|Eagle Takes Flight|
A few years ago, I distinctly remember seeing a TV episode of "House M.D." where the belligerent doctor informed a black politician aspiring to the Presidency that; "it's not just called the White House because of the paint job". And while it was offensive, he was right.
Eagle: The Making of an Asian-American President was a very pragmatic, compelling, and enthralling saga of Kenneth Yamaoka who ran and won the 2000 Presidential election (years before Barack Obama broke the race barrier) as a third-generation Japanese immigrant who served and nearly died in Vietnam before becoming a lawyer and then a United States Senator.
It’s also a bit disturbing to me to see the tangled mess of political intrigue and scandal and rumor mongering that takes place; where oftentimes, it’s not the issues which define the success of a politician, but his public image. But that’s what makes this manga series so brilliantly insightful, because there is a ring of authenticity to it.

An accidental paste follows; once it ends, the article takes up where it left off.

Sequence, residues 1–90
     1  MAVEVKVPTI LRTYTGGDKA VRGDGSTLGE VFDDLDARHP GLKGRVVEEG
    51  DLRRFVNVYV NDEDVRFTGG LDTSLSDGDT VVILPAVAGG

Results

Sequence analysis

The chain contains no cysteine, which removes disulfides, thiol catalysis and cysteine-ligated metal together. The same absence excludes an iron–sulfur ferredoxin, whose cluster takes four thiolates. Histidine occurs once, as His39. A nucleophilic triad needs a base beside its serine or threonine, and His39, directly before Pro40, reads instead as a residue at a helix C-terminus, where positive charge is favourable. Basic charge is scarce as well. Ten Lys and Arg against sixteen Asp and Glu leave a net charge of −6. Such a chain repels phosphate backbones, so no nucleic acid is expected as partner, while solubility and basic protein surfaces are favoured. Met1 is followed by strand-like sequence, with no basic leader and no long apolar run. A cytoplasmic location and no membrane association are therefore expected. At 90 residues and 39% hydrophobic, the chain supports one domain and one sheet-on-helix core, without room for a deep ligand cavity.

Much of the manga is told through the eyes of a young idealistic Japanese journalist Takashi Jo who brings to mind James Stewart as "Mr. Smith Goes to Washington". Just after the tragic accidental death that claimed the life of his single-parent mother who raised him, he learns that Yamaoka has handpicked him to write an in-depth article about his groundbreaking campaign. Jo is given a close, behind-the-scenes view of the Yamaoka campaign—and comes to admire Yamaoka as a politician, even if he does not respect him as a man (particularly after he discovers that Yamaoka is secretly his biological father who had a brief affair with his mother). Jo finds himself wondering why his father has chosen to bring him into his life at this particular time; while part of him longs to believe that his father wants to help advance his fledging journalism career—he cannot help but suspect that his manipulative father has another role, to neutralize a potential scandalous skeleton in his closet.
Even more chillingly, Jo wonders if his father may or may not have had his mother killed and arranged her murder to appear as an accident to prevent a potential political scandal. There are a myriad twists and turns throughout the series, it's a surprisingly interesting ride; even if you aren't one for political thrillers.
The art is excellent and very realistic, the characters are incredibly genuine and there are more than a few thinly-veiled real life political figures populating the pages, and the storyline is superb with its character-driven and complex plot. Even if you’re not for political dramas, I think many would find this series highly enjoyable.
RATING: 4 and 1/2 STARS!!!!